Gap CEO Art Peck Wednesday spoke frankly about glimmers of hope for the retailer at Goldman Sachs' annual retail conference, saying the struggling retailer could benefit from Macy’s planned closing of 100 stores because many of its mall leases allow for rent renegotiation if an anchor closes or loses sales, Fortune reports.
But Peck also painted a stark picture of Gap’s prospects, telling analysts that "There are no compelling [fashion] trends driving the business,” TheStreet reports.
Peck's comments echo similar thoughts expressed by Urban Outfitters founder and CEO Richard Hayne, who told analysts in March that there’s no real reason for women to fill their closets with new clothes.
Investors were taken aback by Peck’s candid remarks, but one silver lining is that in order to make a change, retailers must first be aware of the problem: Consumers aren't compelled to buy clothes.
Gap is well aware. The once-iconic American street fashion retailer used to be top of mind for shoppers. These days, it’s closing stores, emphasizing off-price outlets and losing sales. The company recently reported adjusted second quarter earnings of 60 cents per share, compared to 64 cents a share a year ago. Q2 sales were $3.85 billion, down from $3.90 billion year over year. Gap also lowered its fiscal year guidance and said it expects adjusted earnings between $1.87 and $1.92 per share for fiscal 2016, missing FactSet analysts expectations of $1.95 per share.
One reason for Peck and Urban Outfitters chief Hayne's concerns is that many consumers in a post-Great Recession world are wary of the economy and itching to finding meaning through their spending, opting to put their money toward experiences rather than on acquiring more stuff.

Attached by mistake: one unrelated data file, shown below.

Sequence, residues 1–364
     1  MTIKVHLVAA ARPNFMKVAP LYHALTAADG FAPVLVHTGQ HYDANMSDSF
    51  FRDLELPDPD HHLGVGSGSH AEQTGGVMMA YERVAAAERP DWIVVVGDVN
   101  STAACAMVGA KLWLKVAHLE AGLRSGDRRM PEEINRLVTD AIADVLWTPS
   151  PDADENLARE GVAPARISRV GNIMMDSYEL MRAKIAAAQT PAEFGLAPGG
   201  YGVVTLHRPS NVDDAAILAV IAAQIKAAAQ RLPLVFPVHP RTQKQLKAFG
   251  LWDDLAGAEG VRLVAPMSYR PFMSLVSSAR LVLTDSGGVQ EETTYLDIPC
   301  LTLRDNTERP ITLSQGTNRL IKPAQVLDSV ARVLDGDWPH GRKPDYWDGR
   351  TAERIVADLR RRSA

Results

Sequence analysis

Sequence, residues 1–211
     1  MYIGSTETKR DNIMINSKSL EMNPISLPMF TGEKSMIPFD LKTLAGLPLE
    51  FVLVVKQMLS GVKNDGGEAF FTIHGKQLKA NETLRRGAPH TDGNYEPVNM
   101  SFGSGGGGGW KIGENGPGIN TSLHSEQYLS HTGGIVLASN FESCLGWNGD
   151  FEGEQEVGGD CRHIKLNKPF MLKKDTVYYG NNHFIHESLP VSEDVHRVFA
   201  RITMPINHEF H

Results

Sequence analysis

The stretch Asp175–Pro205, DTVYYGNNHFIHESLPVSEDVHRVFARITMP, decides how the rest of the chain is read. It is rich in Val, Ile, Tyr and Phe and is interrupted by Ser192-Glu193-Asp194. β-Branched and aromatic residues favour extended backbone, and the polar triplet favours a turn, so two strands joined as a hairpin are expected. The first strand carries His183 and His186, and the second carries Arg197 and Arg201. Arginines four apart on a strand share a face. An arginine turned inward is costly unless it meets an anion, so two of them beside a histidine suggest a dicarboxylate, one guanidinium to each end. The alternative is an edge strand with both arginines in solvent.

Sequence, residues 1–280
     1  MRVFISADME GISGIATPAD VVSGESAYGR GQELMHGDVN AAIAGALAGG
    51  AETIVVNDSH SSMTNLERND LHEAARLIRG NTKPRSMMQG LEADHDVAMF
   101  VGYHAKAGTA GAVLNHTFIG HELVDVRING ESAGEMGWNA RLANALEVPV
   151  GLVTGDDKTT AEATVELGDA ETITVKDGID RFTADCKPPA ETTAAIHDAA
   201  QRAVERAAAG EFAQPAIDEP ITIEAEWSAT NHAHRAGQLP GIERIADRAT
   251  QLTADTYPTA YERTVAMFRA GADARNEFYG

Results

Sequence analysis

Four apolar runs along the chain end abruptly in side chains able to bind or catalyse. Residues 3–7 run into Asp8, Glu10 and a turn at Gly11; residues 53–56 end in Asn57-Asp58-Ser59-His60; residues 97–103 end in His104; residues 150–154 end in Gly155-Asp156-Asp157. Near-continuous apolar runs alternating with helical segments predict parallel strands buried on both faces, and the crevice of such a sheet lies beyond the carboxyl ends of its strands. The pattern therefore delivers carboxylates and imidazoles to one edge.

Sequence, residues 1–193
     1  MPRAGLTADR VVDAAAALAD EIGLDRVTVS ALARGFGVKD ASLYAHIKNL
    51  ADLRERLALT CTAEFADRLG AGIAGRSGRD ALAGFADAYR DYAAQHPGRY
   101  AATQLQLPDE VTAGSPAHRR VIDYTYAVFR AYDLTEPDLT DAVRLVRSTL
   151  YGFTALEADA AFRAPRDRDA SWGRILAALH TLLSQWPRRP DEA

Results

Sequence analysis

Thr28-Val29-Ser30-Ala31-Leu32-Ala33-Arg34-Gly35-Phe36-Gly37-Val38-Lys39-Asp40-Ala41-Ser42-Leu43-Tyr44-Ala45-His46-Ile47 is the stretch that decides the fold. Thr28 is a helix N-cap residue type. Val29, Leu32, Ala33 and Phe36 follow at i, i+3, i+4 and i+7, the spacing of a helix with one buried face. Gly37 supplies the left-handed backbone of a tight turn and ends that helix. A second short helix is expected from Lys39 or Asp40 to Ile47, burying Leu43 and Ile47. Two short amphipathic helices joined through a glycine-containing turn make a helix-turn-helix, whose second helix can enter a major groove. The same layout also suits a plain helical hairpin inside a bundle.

That has made fashion more of “a spectator sport for the most part,” in fashion designer Tom Ford’s view. People tend to wear fashion in a few key cities, but most consumers are switching away from fashion, Ford said in an interview with the Hollywood Reporter published this week. "They sit there in their T-shirts and jeans, and they're critiquing who is on the red carpet and what they're wearing and, 'Oh I hate that and that.' But they are actually not consuming any longer.”
Retailers like Gap and Urban Outfitters would be happy to sell those T-shirts and jeans, but no real trends have taken hold that drive anyone to replace their skinny jeans or their wear-anywhere yoga pants. Retailers and fashion magazines attempted to declare the skinny jean “over” in recent years, but the style has stuck.
Hayne, however, says that it’s just a matter of time before things get better. “The last major fashion shift was 10 years ago when the skinny bottom returned to popularity,” he said in an earnings call in March. “The customer has a closet full of various skinny bottoms and she has many many long tops and sweaters to go over them. Without a fashion need to drive her purchases, the customer can easily defer her apparel spend.”
What retailers need is a “major fashion shift," Hayne said, although he and other retail leaders aren't sure when and how the industry will pivot. In the meantime, the question is how to stay in the apparel business. Peck offered few details about that, except to say “[C]learly, Gap needs to be remade to be relevant," according to TheStreet.